2000 Mazda Miata Car Stereo Installation
Disclaimer: Use this information at your own risk. Author assumes no responsibility for misinformation or anything else.
By Seth Everton - everton@usc.edu

Not satisfied with the stock stereo, I wanted to put an aftermarket system in my Miata. I looked on the web and found lots of helpful information at Miata.net. So, I decided to include some of my findings for my install on this site for anyone interested.

First off, I didn't want to spend a ton of money on a killer system with a g'zillion watts of power and the same spl as a 747 (there's nothing wrong with this, and given the time and money, I'd do it). My goal was to have the music loud and clear. Also, I don't usually listen to lots of rap or other music with "thumpin" bass. I like clear, powerful, tight bass. In all I spent about $400. I consider this the "bare miminum" that I'd spend on an install (I purchased the least expensive components that I believed were acceptable). My last install had a lot more flexibility and it ran about $1500. I realize that lots of people will spend that much on a head unit alone (or amp etc). Regardless, if you want to spend thousands of dollars on an install, I hope you can still find useful information in the following.

Second, I didn't want to modify my miata (body, interior or wiring), for obvious reasons. This install/upgrade will leave your Miata looking (but not sounding) the same. Also, if you sell your Miata and don't want to part with your expensive audio equipment, its easy to remove it. Also, major modifications can take time and special tools. A scroll saw was the most extravagant tool I used. If I was to do a similar install, start to finish, it would probably take me about 3 hours.

I'm an Electrical Engineer (RF analog circuit design) by trade, so I am familiar with electronics, electricity etc. I have also done several custom installations.

The Miata

The 2000 (non-LS) model that I own has 4 speakers. A 6x8 inch paper cone in each door (behind the large grilles) and a 1 inch tweeter on the top part of the door. The 6x8 is mounted on a plastic riser/baffle that sticks out about an inch. The Tweeter is mounted in the plastic (removable) part of the door panel. Both speakers are wired in parallel. The tweeter has an electrolytic cap for a filter. The wire colors were yellow. Red stripe for + and black for -.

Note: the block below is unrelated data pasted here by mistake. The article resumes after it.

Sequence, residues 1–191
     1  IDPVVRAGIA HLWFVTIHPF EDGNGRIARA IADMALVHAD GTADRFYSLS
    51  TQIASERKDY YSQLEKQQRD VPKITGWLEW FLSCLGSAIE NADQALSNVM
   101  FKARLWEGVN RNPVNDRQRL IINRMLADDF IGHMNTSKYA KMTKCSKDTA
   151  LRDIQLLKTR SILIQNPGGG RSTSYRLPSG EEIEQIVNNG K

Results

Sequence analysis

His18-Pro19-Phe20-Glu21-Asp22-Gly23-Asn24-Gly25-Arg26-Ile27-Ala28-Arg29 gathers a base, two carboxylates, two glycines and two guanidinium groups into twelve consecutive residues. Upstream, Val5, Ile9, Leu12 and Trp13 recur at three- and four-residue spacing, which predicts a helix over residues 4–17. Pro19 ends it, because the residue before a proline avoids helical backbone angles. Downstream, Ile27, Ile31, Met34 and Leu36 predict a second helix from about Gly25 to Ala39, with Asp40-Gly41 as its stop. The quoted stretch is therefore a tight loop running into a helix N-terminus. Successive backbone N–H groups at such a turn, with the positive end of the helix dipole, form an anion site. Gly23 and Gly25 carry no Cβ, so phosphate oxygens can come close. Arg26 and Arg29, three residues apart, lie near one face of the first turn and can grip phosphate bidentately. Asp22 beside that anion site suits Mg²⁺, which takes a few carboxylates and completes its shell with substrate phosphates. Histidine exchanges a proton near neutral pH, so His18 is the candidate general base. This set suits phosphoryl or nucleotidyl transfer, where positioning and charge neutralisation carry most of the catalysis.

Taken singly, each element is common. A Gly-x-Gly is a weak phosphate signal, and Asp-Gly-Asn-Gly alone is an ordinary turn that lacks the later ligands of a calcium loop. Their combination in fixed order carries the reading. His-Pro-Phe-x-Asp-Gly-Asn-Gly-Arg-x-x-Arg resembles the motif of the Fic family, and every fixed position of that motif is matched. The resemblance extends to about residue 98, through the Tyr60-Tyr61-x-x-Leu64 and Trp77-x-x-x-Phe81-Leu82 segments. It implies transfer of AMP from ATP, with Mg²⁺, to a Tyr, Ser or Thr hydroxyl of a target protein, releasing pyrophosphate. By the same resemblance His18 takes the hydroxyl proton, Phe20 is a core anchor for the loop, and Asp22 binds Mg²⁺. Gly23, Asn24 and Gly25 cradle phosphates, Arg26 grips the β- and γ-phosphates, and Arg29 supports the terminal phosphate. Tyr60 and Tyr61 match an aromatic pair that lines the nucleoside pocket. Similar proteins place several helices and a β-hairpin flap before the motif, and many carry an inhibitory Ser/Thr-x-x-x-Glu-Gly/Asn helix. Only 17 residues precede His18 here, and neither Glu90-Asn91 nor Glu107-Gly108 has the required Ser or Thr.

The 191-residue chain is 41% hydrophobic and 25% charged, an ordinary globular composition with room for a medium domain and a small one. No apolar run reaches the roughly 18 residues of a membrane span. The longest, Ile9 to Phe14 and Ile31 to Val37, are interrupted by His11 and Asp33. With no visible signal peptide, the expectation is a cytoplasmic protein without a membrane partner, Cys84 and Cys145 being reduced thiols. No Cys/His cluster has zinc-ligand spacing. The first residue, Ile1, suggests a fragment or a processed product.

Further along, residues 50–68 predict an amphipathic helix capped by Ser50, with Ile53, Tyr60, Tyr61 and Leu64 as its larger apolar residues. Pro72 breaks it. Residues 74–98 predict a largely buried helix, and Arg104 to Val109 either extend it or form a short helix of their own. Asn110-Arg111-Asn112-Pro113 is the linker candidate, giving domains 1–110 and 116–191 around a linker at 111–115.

My Miata came with an unimpressive Panasonic single CD player and radio.

Head Unit

Pioneer DEH1400 (Crutchfield $149)

I ordered the Head Unit from Crutchfield. I found it for much cheaper elsewhere on the web, but Crutchfield throws in all the connectors/harnesses etc and they give you instructions. I figured that the cost of the additional items would just about add up to the difference in price. Its convenient.

I checked the connectors that Crutchfield sent me to make sure they were the right ones (before I soldered them to the radio connector). Pulling the stereo out was really easy using the Ford Car Stereo removal tools (see Miata.net). It took no more than three minutes. After its out, it just slides back in and clicks.

Prior to installing the unit I soldered the connecting wires and wrapped them with heat-shrink tubing. I almost never listen to the radio (something about the radio stations in LA) so I just grounded the antenna lead with a 10k resistor. Also, the factory radio has an additional harness connection that is not used for the rear speaker output (there aren't any rear speakers).

I connected the Crutchfield harness to the car harness and carefully tucked the wires out of the way. I attached the antenna (even though I won't be using it), the control wire (with female "quick connect"), and the RCA jacks. I fed the wires behind the head unit (into the console), down and to the right. Eventually they come out where the passenger's feet would be. If you shine a flashlight up with the stereo removed you can see the path for the wires. The rest of the wiring is found in the amplifier section.

Finally, I put in the sleeve for the new head unit and bent the tabs to hold it in (as per the HU install manual). It took me a few tries to get the rubber plug into the hole in the back of the console. I attached the trim plate and that was it for the head unit.

According to Miata.net, the Panasonic unit that comes with the car has a security feature that disables the stereo if it loses its 12V source. This was the case with my car (as I learned from my car dealer).


Rockford Fosgate HCP1205 (sounddomain.com $89)

For door panel removal see the Miata.net site. Its very simple and takes a few minutes.

I looked on the web and found a great deal on Rockford Fosgate 5.25" speakers. I have a friend that got 6.5" speakers in his Miata, but only after modifying the adapter kits. I opted for the smaller speakers knowing that they'd fit in the holes, but also knowing I'd take a hit on the bass.

I cut my own adapters out of plexiglass purchased from a hardware store ($4 a sheet). I used the speakers/risers from the original speakers as templates. The only difficulty I experienced was that the speaker adapters are recessed about 1/8" into the door. I had to sand down the edges of my adapters to get them to fit in to the impression. Other than that, it went very smoothly. If you'd like to print out and use my templates, click here. Note: You can purchase adapters for the miata.

The speaker wiring harnesses in the door were a simple work-around. For obvious reasons I didn't want to cut any of the original wiring. It turns out that the harness is simply 2 female "quick connect" connectors (the same size you'd buy at a hardware store, about 1/4"). I purchased 2 male "quick connect" connectors and simply plugged them in and wrapped some electrical tape around the connection to seal it. Of course, you can use shrink wrap or any other means to seal it. One drawback to using the cars existing wiring is that the wires are about 24 AWG (pretty small). Trying to feed more wires (large gauge) through the factory door wiring etc is probably an exercise in futility (without modifying the car).